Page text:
BOOK REVIEW – Fremantle’s Submarines: How Allied Submarines and Western Australians Helped to Win the War in the Pacific

By Michael Sturma, Annapolis, MD, Naval Institute Press (2015) Reviewed by Charles Bogart This book is a joy to read. The author, using a variety of primary sources, has compiled a social and administrative history of the U.S. Navy’s World War II submarine base at Fremantle, Australia. With the loss in December 1941 of the

BOOK REVIEW – Torch: North Africa and the Allied Path to Victory

By Vincent P. O’Hara, Naval Institute Press, Annapolis, MD (2015) Reviewed by John R. Satterfield, DBA America entered World War II after Japan attacked Pearl Harbor in December 1941. The nation focused on war in the Pacific through most of 1942.  However, the U.S. had established its “Germany First” strategy by 1940. Defeating the Axis

BOOK REVIEW – Tin Can Diary: The War Diary of Earl W. Foxwell, Jr.’s Tour of Duty Aboard The Destroyer USS Edwards, DD 619

By Harry J. Foxwel, Self Published, Middletown, DE (2015) Reviewed by Michael F. Solecki The destroyer is a light, fast, maneuverable, and heavily armed class of warship originally designed in the late 1800s to “destroy” torpedo boats. By World War II, these ships were designed and used to escort much larger ships and convoys filling

In Just Two Simple Paragraphs

By Stewart Milstein Universal Ship Cancellation Society It is a simple penny postcard without a return address. It was mailed on Nov 8, 1939 and bears a USS Guam (PR-3) cancel with the location Wanhsein between the killer bars. The card is addressed to Helen Bloomer of Eagle Rock, CA (A neighborhood of Northeast Los Angeles).

Cary S. Lindley, Jr.: A “Can Do” Sailor

In early December of last year, we received an email query from a gentleman named Todd Eskew asking for information about his great uncle’s unit he served with as a Seabee during the Second World War. According to Eskew, all that he knew of him was that he served in the Navy during wartime and

A Game of Inches – Navy Intelligence Highlighted at 73rd Midway Celebration Dinner

VIPs, invited guests, active duty military, and veterans braved torrential downpours last Thursday to attend the annual Battle of Midway Celebration Dinner at the Army Navy Country Club in Arlington, VA. This year marks the 73rd anniversary of the Battle of Midway, the pivotal World War II battle that changed the face of the Pacific

BOOK REVIEW – Sheppard of the Argonne

By William Weatherly [Capt. George Jackson, USN (Ret.)], iUniverse (2014) Reviewed by Jason McHale What if the Washington Naval Conference collapsed and its terms were never ratified? What if the post-World War naval buildup continued unabated until the Second World War? Sheppard of the Argonne is set in an alternate history where those questions become

Mystery Individual Discovered in Paintings and Photographs

The U.S. Navy is currently on a worldwide search to identify a mysterious individual found in our nation’s most celebrated moments of naval history. Recent photographic evidence found deep in the archives of the U.S. Navy suggests one singular man appearing in navy art and photographs throughout the 240 history of the Navy. The man

Iwo Jima 40th Anniversary Exhibit at the Cannon House Office Building, 1985

It’s amazing what you can find at work. When you work for an organization that’s been around since 1926, you are bound to come across some really interesting items untouched over the years. We aren’t talking Holy Grail here, but interesting nonetheless. One such item popped up at the office this week: The edges were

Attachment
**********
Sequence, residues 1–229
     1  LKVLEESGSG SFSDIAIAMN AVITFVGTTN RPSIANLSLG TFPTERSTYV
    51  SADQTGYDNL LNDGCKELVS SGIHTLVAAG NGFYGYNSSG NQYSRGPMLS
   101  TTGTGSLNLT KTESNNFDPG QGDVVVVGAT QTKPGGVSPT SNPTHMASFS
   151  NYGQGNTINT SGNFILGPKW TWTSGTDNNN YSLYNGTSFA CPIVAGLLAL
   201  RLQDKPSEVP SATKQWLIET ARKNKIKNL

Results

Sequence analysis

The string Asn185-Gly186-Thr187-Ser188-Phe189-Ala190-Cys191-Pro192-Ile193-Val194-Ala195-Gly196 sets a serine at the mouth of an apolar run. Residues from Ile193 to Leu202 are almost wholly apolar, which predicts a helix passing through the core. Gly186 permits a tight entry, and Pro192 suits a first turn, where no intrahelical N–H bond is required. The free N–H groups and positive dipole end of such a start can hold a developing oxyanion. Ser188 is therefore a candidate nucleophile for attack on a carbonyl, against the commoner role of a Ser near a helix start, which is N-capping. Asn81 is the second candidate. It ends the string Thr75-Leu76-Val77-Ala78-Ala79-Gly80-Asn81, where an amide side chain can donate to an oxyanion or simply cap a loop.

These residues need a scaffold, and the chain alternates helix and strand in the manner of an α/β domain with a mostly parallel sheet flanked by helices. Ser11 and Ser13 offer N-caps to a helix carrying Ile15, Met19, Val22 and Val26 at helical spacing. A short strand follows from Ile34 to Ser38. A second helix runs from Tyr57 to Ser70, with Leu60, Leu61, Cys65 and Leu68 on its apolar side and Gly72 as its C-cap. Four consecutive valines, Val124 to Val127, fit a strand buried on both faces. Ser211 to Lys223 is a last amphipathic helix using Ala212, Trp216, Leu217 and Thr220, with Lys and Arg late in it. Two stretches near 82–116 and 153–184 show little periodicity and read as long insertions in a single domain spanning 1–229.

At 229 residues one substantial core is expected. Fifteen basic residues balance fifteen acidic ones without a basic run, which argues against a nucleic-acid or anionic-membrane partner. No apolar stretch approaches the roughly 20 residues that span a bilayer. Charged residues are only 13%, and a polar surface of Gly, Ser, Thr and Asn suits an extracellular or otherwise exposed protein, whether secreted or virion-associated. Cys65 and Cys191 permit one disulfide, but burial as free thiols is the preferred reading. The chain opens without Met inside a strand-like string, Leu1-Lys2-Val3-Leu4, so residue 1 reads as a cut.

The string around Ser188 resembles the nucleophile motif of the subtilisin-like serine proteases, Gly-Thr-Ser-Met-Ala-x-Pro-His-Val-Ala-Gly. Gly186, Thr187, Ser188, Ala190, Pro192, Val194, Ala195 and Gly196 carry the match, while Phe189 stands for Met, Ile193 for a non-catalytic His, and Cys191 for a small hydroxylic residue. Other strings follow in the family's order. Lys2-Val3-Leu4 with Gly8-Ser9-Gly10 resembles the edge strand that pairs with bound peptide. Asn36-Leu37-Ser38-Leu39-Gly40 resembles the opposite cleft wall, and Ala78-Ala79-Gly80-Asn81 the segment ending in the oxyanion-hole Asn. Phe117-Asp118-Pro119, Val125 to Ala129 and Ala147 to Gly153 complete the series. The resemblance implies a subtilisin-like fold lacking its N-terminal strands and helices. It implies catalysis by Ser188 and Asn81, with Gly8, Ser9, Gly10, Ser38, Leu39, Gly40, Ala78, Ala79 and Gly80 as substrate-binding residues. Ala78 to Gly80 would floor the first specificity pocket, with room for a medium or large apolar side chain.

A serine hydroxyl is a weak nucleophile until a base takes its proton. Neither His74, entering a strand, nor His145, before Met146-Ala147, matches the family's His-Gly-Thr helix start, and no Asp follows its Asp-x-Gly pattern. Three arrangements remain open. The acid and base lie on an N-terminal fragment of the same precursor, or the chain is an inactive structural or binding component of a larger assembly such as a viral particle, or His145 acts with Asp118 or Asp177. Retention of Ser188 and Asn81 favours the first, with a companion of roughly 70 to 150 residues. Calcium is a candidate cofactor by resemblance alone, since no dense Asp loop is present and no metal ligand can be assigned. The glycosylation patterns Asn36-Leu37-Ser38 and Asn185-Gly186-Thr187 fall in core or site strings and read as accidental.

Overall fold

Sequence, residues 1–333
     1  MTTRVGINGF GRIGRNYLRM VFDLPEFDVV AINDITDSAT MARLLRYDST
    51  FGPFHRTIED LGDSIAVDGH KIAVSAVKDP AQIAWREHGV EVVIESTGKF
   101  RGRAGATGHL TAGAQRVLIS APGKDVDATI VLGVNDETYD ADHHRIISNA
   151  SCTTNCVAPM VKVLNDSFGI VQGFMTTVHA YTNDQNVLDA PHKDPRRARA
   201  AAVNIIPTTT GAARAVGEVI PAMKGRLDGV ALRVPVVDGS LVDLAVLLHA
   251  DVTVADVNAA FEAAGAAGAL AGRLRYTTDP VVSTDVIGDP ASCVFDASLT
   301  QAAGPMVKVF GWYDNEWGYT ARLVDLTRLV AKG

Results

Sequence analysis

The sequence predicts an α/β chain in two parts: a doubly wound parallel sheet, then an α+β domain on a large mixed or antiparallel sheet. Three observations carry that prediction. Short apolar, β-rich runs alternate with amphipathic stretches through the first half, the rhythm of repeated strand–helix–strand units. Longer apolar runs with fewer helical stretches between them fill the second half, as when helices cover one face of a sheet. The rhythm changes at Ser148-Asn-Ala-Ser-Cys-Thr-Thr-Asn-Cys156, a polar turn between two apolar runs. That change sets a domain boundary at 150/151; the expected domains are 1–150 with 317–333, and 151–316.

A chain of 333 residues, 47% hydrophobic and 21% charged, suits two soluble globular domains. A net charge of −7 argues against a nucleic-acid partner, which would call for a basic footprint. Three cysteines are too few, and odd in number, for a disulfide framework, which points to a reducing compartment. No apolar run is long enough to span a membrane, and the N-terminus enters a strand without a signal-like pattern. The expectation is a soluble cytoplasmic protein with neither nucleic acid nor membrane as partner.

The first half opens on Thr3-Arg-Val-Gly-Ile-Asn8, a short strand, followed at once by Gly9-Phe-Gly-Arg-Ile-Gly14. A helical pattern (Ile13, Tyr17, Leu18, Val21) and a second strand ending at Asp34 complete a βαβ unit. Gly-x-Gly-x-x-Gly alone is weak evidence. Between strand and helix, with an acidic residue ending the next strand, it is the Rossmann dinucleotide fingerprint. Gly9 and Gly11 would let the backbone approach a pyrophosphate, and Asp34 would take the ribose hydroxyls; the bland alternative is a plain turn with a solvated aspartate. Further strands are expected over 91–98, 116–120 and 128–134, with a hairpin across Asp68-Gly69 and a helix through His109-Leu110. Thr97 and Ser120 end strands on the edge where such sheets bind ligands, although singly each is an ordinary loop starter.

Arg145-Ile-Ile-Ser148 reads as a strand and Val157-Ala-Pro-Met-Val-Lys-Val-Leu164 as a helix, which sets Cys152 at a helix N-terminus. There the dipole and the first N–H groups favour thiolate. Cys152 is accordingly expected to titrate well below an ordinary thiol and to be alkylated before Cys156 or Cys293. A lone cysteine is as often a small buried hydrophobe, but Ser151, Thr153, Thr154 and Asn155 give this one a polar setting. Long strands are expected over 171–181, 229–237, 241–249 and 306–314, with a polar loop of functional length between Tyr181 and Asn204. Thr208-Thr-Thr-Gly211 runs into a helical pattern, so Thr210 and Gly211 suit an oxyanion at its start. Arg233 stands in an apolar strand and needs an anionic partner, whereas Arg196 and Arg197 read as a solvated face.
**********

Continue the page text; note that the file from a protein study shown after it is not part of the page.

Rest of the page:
BOOK REVIEW – US Heavy Cruisers: 1943 – 75: Wartime and Post-war Classes

By Mark Stille, Osprey, New York (2014) Reviewed by James H. McClelland, Sr. US Heavy Cruisers: 1943 – 75 is a gold mine of information concerning the U.S. Navy’s heavy cruisers of World War II and beyond. Mark Stille, a retired navy commander who has held posts in the intelligence community, faculty positions at the

BOOK REVIEW – THE ROYAL NAVY – A History Since 1900

By Duncan Redford and Philip D. Grove, I. B. Tauris, London, England (2014) Reviewed by Charles Bogart The book under review is the fourteenth book within the A History of the Royal Navy series sponsored by The National Museum, Royal Navy Section. The authors of this large book attempt to do the impossible: tell the

Integrity at the Helm: Gerald R. Ford Museum Exhibit Displays Past, Present, and Future of Aircraft Carriers

Naval Historical Foundation Executive Director Captain Todd Creekman, USN (Ret.) attended the opening of a new exhibit at the Gerald R. Ford Presidential Museum in Grand Rapids, Michigan last Monday. The exhibit, called “Taking the Seas: Rise of the American Aircraft Carrier,” discusses the history of aircraft carriers from their development during World War I

Going Ashore: Naval Operations in Casco Bay During World War II (Part III)

By George Stewart (This is the third in a series of blog posts covering the various operations conducted in Maine during WWII. To read Parts I and II of George Stewart’s blog series about Casco Bay during WWII, go HERE and HERE. To read all other post by George, go HERE.)  PART III By 1943,

BOOK REVIEW – Ambushed Under the Southern Cross

By Captain George Duffy, Xlibris Corp., Bloomington (2008) Reviewed by Captain J.A. Peschka, Jr. If you still get excited and riveted to your chair when you read a good sea story, then Ambushed under the Southern Cross is for you. This is not a history book written in academic prose with precise references and intellectual